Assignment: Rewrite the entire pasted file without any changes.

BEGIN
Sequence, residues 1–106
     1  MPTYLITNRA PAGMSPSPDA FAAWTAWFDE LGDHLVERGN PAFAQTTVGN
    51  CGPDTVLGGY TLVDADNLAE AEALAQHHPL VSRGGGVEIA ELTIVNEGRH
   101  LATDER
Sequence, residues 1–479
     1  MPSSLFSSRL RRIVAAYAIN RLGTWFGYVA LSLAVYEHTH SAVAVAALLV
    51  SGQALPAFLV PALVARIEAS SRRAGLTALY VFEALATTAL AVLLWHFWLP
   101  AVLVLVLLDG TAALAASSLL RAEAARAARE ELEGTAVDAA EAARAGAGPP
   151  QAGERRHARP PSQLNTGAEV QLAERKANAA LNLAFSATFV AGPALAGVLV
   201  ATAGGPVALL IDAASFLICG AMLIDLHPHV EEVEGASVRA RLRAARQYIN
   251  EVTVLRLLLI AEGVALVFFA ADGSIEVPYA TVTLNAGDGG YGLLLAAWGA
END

Sequence, residues 1–106
     1  MPTYLITNRA PAGMSPSPDA FAAWTAWFDE LGDHLVERGN PAFAQTTVGN
    51  CGPDTVLGGY TLVDADNLAE AEALAQHHPL VSRGGGVEIA ELTIVNEGRH
   101  LATDER
Sequence, residues 1–479
     1  MPSSLFSSRL RRIVAAYAIN RLGTWFGYVA LSLAVYEHTH SAVAVAALLV
    51  SGQALPAFLV PALVARIEAS SRRAGLTALY VFEALATTAL AVLLWHFWLP
   101  AVLVLVLLDG TAALAASSLL RAEAARAARE ELEGTAVDAA EAARAGAGPP
   151  QAGERRHARP PSQLNTGAEV QLAERKANAA LNLAFSATFV AGPALAGVLV
   201  ATAGGPVALL IDAASFLICG AMLIDLHPHV EEVEGASVRA RLRAARQYIN
   251  EVTVLRLLLI AEGVALVFFA ADGSIEVPYA TVTLNAGDGG YGLLLAAWGA